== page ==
Can you have it all?
First, I suppose you have to figure out what your "it" is, and what would it look like to have all of it.
Being a human of a certain age (meaning, undeniably beyond the half way mark on this leg of the mortal journey), I think about such things. I'm retired, kids grown, happily married. For the first time since childhood, I have the luxury to choose how I spend great swaths of time.
It's wonderful, of course. And a responsibility, a challenge. One that decades of meeting deadlines and seeing to daily necessities and crises, didn't prepare me for. I can no longer blame a demanding boss, sick child or toxic marriage when I flounder and manage to accomplish less with this bounty of hours, than I did when I was squeezed, tugged and pushed in all directions.
Apparently, achieving balance, fulfilling ones goals and dreams, finding health, happiness and peace of mind, doesn't just happen. There are all manner of self-help books, seminars, life coaches and gurus to turn to for advice and guidance.
I was rereading David Sedaris' essay, "Laugh Kookaburra," which among other intriguing and amusing tidbits, includes his anecdote about an Australian acquaintance who ascribed to the "four-burner stove" approach to life.
The four burners are: family, friends, health and work.
According to this model, in order to be successful in a given quadrant, one of the four burners must be shut off, abandoned. To be really successful, shut off two.
In the anecdote, the woman sharing this wisdom was highly successful in business. In service of focusing her energy on work and friends, she had chosen to shut off family and health.
Sedaris concluded that he couldn't see turning off the family burner.
"Cut off your family, and how would you know who you are? Cut them off in order to gain success, and how could that success be measured? What would it possibly mean?"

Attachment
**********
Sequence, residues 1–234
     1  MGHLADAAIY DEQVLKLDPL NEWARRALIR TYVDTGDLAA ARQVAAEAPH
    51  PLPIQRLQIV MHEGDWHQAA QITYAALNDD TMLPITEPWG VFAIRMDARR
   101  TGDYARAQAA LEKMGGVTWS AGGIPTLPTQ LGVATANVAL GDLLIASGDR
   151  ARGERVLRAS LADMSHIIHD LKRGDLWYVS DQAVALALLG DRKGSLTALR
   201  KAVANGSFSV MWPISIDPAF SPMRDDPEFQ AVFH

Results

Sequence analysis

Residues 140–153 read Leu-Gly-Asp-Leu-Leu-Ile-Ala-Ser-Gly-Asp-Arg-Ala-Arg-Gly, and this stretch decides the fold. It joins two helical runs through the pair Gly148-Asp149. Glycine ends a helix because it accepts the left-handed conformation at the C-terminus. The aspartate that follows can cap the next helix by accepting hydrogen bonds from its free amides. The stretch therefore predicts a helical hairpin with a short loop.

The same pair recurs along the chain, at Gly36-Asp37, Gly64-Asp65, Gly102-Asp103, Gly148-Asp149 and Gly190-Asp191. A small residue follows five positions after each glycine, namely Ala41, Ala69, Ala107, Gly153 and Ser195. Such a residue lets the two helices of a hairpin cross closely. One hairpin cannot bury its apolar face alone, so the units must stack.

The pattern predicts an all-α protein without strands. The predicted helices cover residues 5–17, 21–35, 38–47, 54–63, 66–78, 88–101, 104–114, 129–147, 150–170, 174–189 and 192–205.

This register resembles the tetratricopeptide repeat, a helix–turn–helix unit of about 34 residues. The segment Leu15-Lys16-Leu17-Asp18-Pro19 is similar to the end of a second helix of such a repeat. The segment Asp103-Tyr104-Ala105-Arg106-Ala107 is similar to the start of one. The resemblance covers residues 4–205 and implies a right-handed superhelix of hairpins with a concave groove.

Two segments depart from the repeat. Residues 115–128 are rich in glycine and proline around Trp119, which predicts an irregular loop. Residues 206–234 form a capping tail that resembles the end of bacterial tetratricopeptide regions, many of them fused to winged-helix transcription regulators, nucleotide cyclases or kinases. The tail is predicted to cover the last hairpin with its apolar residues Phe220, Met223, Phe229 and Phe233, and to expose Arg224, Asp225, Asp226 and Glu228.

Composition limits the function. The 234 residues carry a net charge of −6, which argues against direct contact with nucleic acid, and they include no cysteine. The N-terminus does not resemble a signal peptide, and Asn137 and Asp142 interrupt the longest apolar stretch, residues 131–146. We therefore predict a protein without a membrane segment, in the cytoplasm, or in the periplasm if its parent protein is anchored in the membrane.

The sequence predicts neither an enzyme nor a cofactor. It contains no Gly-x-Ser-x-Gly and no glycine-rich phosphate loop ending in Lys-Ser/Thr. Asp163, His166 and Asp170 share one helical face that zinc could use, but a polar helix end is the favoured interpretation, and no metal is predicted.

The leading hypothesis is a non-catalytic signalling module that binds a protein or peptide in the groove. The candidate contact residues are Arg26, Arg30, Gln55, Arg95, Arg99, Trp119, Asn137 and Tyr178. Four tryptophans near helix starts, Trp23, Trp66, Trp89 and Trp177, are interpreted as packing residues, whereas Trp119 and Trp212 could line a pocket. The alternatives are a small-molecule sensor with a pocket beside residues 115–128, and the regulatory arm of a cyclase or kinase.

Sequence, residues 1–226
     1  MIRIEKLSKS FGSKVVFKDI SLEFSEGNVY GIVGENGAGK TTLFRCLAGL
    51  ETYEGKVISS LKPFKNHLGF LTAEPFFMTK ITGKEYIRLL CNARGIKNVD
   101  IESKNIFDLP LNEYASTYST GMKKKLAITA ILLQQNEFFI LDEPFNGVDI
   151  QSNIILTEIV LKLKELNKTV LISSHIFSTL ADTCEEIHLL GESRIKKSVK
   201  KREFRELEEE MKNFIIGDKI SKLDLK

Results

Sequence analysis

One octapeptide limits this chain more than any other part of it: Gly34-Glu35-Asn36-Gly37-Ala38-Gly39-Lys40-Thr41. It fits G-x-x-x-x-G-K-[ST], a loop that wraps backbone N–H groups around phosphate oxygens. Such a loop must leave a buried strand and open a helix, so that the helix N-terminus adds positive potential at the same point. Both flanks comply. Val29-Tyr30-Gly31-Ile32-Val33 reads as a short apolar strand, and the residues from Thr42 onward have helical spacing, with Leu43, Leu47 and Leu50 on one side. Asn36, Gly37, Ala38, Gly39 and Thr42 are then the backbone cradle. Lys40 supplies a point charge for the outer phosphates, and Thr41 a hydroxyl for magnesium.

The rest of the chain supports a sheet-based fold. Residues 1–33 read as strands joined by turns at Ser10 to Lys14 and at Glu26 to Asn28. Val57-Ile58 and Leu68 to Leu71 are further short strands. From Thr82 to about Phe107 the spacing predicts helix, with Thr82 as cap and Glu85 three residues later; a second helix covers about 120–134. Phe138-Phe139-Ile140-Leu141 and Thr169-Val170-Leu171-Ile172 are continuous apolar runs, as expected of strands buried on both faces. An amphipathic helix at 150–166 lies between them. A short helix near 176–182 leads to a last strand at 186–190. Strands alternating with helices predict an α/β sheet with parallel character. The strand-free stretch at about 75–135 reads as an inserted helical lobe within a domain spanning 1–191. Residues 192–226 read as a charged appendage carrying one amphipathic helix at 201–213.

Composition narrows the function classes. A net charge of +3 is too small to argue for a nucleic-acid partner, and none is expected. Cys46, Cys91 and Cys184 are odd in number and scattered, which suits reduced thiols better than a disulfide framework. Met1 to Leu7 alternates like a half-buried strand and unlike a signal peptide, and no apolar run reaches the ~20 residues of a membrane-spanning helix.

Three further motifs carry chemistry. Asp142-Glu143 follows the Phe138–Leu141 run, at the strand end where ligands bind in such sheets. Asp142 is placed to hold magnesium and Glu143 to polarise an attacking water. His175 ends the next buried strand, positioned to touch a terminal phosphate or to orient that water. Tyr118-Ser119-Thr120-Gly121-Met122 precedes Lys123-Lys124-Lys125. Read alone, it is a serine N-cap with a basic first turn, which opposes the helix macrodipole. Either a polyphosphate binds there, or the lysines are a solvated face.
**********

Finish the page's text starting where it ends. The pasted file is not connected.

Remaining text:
I'm with David. Whether it's validation for losing fifty pounds, publishing well or hosting the perfect holiday meal, it's my sisters' admiration and envy I crave, my deceased father's praise and my children's pride in me that I aspire to.
Different burners burn more fiercely during life's changing seasons (as I write these words, I'm hearing the Byrds singing Pete Seeger's Turn, Turn, Turn, in my mind's ears). In childhood, there was nothing more important than having a best friend. As an adolescent and young adult, the heat went up on sex and love. Then work took over, big time.
Health was never a major consideration. In younger years, that didn't matter so much. I might stay up all night to finish a riveting novel (this was before binge-watching Netflix was a thing) or subsist on nothing but coffee and a two-pound box of See's chocolates. I'd feel crappy for a day or two. I might need a nap or a handful of extra-strength aspirin. But I bounced back. Alas, at 64, my body has lost its resiliency. It doesn't bounce back, or at all, anymore.
I find myself winded after vacuuming. My wearable wardrobe has shrunk to a few pair of stretchy pants and concealing "tunics." I can't sit on the floor for fear of not being able to get back up. Clipping my toe nails is a major undertaking. Headaches. Insomnia. Shingles. Fatigue. After a lifetime of neglect, the health burner is clamoring for more heat.
As David Sedaris said of the family burner, without health, what does any of the rest of it mean? I had assumed this would be my season to pursue my passions, to fulfill my lifelong dream of being a writer. And that's happening, word by word. Yet it's not much of dream when I often feel too crappy to be productive, let alone celebrate, and foolish for not taking better care of myself.
Tis now the season for health to become a priority. Is it a coincidence that these thoughts come to mind as 2018 winds down and I gear up for 2019? Alas, hope, and the ritual of New Year's resolutions, spring eternal.
Next up: What is the "it" in having it all?
Dorothy blogs about the challenges and opportunities of being a woman and a writer of a certain age in a youth-centric universe.